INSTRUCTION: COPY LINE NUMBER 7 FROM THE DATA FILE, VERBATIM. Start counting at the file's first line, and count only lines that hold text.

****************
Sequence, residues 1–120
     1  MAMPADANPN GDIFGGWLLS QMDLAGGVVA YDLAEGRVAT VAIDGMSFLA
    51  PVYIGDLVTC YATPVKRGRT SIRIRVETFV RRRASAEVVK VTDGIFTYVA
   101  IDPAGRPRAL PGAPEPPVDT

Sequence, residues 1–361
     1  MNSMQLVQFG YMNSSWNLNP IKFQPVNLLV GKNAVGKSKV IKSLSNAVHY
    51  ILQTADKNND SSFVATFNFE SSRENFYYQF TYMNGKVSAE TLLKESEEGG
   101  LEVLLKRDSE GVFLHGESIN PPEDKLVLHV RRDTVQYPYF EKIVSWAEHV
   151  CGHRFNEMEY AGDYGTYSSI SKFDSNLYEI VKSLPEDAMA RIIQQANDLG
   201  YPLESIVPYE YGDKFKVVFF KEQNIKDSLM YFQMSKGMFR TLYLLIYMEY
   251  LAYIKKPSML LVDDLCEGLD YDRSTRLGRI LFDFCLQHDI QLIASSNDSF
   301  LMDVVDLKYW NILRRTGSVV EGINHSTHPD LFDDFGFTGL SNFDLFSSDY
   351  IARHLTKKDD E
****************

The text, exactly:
    51  ILQTADKNND SSFVATFNFE SSRENFYYQF TYMNGKVSAE TLLKESEEGG